Kukla's Korner Hockey
from James Mirtle of From The Rink,
Would they turn down a blogger given this is one of the NHL’s biggest media events of the year? Or would there be some sort of auxiliary press box, deep beneath the seats, where the “lesser” media could still cover the game?
As it turns out, the Bell Centre’s well-equipped to deal with issues like this. There are more than 300 seats in the massive press box encircling the rink, and few offer a worse view than my No. 162:
Today at NHL.com I answer some of the emails I have received in the last week or so.
from Bruce Ciskie of NHL Fanhouse,
One of my favorite hockey-related shows on NHL Network is Voices. As a hockey broadcaster myself, it is neat to watch how the best in the business prepare to go on the air, and how they interact with the best athletes on the planet.
Watching Voices made me start wondering who the best really were. With that in mind, I took advantage of a Center Ice subscription and an active remote, watching every team’s local broadcast as many times as I could stomach.
I came to a few conclusions.
Mike Emrick is so good he deserves his own category. I feel bad excluding him from this list, but I do it because he’s that much better than everyone.
NEW YORK / PHILADELPHIA (Jan. 27, 2009) – Today, Comcast Corporation, the nation’s leading provider of entertainment, information and communications, and the NHL Network announced an agreement to offer the first On Demand access to NHL and hockey dedicated programming. Under the terms of the agreement, NHL Network subscribers can access in-depth hockey coverage On Demand including NHL game highlights made available only hours after game completion and at no additional charge.
via William Houston of the Globe and Mail,
Canadians tune in when the NHL all-star game is in a Canadian city.
With Montreal as the host, Sunday’s all-star game drew its largest television audience since 2000, when the game was played in Toronto.
The CBC telecast was watched by 1.516 million viewers, just less than the 1.557 million who tuned in for the 2000 game.
The CBC drew its largest audience ever for Saturday skills competitions, 1.358 million, bettering 1.327 million in 2000.
added 5:48am, via Sports Media Watch,
Versus drew a 0.8 overnight rating for coverage of the NHL All Star Game on Sunday, up 12% from last year, according to USA Today. While it is tough to quibble with a double-digit increase in ratings, the 0.8 is still very unimpressive. As USA Today notes, “six weekend ESPN/ABC X Games shows drew higher ratings than the NHL All-Star Game.”
Last night Ron MacLean of HNIC had his annual ASG sit-down with Gary Bettman.
from Ken Campbell of the Hockey News,
The free lunch for NBC is over. That’s the message the NHL will give to the network when it begins negotiating a new national television contract to replace the one that expires after this season.
Since the lockout, the league has had a deal with NBC that essentially gave the network its NHL property for free. In a deal similar to the one that the Arena Football League had, NBC doesn’t pay the NHL any money, but guarantees that it will cover production costs. Any money made by the broadcasts first goes to covering those costs and if any profits are left over after that, 80 percent go to the league and 20 percent go to NBC.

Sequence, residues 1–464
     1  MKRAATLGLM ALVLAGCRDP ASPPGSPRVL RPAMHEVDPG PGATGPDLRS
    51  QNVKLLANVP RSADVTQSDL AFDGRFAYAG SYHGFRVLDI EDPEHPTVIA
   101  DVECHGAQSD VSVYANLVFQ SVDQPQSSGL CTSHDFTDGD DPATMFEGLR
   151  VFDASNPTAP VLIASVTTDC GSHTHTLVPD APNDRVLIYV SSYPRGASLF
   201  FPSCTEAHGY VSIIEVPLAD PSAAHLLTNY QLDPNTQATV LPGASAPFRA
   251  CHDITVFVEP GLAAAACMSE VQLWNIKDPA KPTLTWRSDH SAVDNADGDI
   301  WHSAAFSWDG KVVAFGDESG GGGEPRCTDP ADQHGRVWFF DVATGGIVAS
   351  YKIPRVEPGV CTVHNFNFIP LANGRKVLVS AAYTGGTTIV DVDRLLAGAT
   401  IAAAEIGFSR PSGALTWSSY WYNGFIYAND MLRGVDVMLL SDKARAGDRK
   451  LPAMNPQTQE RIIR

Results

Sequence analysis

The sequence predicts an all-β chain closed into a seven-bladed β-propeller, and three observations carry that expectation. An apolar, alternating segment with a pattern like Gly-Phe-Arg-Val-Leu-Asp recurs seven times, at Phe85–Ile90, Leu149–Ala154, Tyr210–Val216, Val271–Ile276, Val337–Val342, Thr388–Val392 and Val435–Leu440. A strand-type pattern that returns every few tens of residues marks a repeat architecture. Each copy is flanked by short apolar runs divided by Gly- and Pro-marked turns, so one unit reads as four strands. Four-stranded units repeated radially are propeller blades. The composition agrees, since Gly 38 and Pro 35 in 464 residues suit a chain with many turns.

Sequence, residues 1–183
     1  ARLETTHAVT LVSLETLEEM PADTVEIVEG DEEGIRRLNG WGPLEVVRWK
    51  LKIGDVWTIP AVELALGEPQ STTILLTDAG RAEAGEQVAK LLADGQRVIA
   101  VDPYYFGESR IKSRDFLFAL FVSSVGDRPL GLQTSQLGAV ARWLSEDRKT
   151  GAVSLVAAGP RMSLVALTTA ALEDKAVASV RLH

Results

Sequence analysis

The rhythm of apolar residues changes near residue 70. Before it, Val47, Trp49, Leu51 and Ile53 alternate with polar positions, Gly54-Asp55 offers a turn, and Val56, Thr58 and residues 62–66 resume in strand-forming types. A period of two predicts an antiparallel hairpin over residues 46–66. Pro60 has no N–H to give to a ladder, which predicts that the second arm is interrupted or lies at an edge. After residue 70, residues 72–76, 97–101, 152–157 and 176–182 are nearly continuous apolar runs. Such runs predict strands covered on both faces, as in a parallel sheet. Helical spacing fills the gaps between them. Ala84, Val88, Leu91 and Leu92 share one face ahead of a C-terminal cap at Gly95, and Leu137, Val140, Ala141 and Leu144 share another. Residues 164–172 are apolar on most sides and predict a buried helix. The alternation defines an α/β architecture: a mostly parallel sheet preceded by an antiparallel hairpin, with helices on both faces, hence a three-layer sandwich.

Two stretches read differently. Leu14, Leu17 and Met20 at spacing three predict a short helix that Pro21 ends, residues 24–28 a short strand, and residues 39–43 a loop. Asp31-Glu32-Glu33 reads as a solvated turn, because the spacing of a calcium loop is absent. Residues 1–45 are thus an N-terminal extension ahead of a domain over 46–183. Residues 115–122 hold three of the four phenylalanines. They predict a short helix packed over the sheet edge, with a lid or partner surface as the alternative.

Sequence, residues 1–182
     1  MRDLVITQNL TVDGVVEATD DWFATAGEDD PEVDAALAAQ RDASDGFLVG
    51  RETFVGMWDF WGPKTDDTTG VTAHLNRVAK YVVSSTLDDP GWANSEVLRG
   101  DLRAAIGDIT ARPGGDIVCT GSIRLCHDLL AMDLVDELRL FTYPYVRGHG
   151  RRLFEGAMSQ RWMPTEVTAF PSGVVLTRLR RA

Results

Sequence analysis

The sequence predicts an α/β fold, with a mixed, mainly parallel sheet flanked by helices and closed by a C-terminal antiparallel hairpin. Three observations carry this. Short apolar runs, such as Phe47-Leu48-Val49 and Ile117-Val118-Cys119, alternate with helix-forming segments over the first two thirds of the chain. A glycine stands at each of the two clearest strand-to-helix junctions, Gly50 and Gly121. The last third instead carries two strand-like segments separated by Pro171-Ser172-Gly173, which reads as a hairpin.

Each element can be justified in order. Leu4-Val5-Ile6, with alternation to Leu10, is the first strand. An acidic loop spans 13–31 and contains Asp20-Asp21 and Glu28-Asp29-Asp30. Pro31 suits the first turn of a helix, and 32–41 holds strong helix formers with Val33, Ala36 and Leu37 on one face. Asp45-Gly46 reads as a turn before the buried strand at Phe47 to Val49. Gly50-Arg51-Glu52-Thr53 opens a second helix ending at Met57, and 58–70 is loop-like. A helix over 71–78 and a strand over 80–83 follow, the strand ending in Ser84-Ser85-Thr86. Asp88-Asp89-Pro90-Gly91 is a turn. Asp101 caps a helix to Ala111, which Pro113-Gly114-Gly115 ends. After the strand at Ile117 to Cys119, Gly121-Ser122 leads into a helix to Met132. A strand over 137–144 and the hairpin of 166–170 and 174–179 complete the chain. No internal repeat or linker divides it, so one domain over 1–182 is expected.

But that arrangement for NBC is about to end, according to those who are familiar with the league’s television contract. With paying customers in the form of TSN and CBC in Canada and Versus in the United States, the league feels it has the leverage to begin charging a national broadcaster for its product.
continued plus other hockey notes…
from William Houston of the Globe and Mail,
Plenty of ideas were offered on how to improve the all-star format.
Reporter Scott Oake passed on a proposal by San Jose Sharks centre Joe Thornton, who suggested giving the players a cash incentive. Members of the winning team would not be required to pay into the National Hockey League Players’ Association escrow account.
“Then you’d see a game to rival any of the 82,” Oake said.
Don Cherry had his own ideas. Give NHL players the responsibility of selecting the all-stars rather than fans. That four Montreal Canadiens filled six of the Eastern Conference starting spots was hardly a realistic representation of the NHL’s best, he said.
more on the CBC coverage of the weekend in Montreal…
from Bob Hunter of the Columbus Dispatch,
The numbers (ratings) seem to say a couple of things: Local fans have noticed that this year’s team is better than last year’s squad, which competed hard but lacked the depth of talent to be in the race, and they’re increasingly interested in the good story lines (Benedict Foote), strong opponents (Calgary) and players worth watching (Washington’s Alex Ovechkin, whose Capitals drew a 2.35 rating).
If form holds true, the best ratings are going to come after the All-Star break. And if this team continues to trend upward, we might soon discover what a lot of people said nine years ago:
If the Blue Jackets ever have a good team, this is going to be one heck of a hockey market.
About Kukla's Korner Hockey
Paul Kukla founded Kukla’s Korner in 2005 and the site has since become the must-read site on the ‘net for all the latest happenings around the NHL.
From breaking news to in-depth stories around the league, KK Hockey is updated with fresh stories all day long and will bring you the latest news as quickly as possible.
Email Paul anytime at firstname.lastname@example.org